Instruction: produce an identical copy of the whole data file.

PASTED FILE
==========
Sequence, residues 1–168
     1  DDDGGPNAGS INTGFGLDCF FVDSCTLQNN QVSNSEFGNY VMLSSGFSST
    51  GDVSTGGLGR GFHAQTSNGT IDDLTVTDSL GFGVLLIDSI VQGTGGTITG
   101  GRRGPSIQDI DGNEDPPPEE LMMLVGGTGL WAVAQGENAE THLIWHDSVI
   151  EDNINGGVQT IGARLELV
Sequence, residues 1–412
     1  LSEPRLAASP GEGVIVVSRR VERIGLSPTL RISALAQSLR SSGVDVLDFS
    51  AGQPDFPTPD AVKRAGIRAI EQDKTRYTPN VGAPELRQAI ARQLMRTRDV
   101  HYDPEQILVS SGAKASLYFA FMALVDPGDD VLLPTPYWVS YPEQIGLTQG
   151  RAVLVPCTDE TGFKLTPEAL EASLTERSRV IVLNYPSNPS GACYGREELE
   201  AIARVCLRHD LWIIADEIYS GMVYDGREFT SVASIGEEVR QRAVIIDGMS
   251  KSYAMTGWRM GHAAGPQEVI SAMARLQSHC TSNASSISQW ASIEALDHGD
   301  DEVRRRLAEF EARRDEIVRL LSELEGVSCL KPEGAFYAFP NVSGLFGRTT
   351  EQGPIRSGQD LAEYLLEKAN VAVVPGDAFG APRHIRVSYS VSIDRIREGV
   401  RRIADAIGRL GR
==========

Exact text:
Sequence, residues 1–168
     1  DDDGGPNAGS INTGFGLDCF FVDSCTLQNN QVSNSEFGNY VMLSSGFSST
    51  GDVSTGGLGR GFHAQTSNGT IDDLTVTDSL GFGVLLIDSI VQGTGGTITG
   101  GRRGPSIQDI DGNEDPPPEE LMMLVGGTGL WAVAQGENAE THLIWHDSVI
   151  EDNINGGVQT IGARLELV
Sequence, residues 1–412
     1  LSEPRLAASP GEGVIVVSRR VERIGLSPTL RISALAQSLR SSGVDVLDFS
    51  AGQPDFPTPD AVKRAGIRAI EQDKTRYTPN VGAPELRQAI ARQLMRTRDV
   101  HYDPEQILVS SGAKASLYFA FMALVDPGDD VLLPTPYWVS YPEQIGLTQG
   151  RAVLVPCTDE TGFKLTPEAL EASLTERSRV IVLNYPSNPS GACYGREELE
   201  AIARVCLRHD LWIIADEIYS GMVYDGREFT SVASIGEEVR QRAVIIDGMS
   251  KSYAMTGWRM GHAAGPQEVI SAMARLQSHC TSNASSISQW ASIEALDHGD
   301  DEVRRRLAEF EARRDEIVRL LSELEGVSCL KPEGAFYAFP NVSGLFGRTT
   351  EQGPIRSGQD LAEYLLEKAN VAVVPGDAFG APRHIRVSYS VSIDRIREGV
   401  RRIADAIGRL GR